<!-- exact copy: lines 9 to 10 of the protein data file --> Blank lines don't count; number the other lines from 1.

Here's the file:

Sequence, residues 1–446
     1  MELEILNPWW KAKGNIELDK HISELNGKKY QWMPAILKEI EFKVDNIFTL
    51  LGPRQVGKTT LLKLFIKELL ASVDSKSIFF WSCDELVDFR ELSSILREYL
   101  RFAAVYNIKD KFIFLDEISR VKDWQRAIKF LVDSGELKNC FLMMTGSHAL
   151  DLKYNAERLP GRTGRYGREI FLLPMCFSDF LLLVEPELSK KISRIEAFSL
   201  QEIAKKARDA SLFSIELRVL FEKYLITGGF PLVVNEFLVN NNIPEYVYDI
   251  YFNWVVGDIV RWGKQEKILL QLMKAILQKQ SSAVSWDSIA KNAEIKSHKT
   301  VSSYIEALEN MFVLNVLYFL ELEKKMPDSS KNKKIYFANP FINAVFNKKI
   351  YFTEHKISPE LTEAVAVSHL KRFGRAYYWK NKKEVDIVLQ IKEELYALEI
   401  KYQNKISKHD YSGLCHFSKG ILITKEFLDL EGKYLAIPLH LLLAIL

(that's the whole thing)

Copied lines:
   351  YFTEHKISPE LTEAVAVSHL KRFGRAYYWK NKKEVDIVLQ IKEELYALEI
   401  KYQNKISKHD YSGLCHFSKG ILITKEFLDL EGKYLAIPLH LLLAIL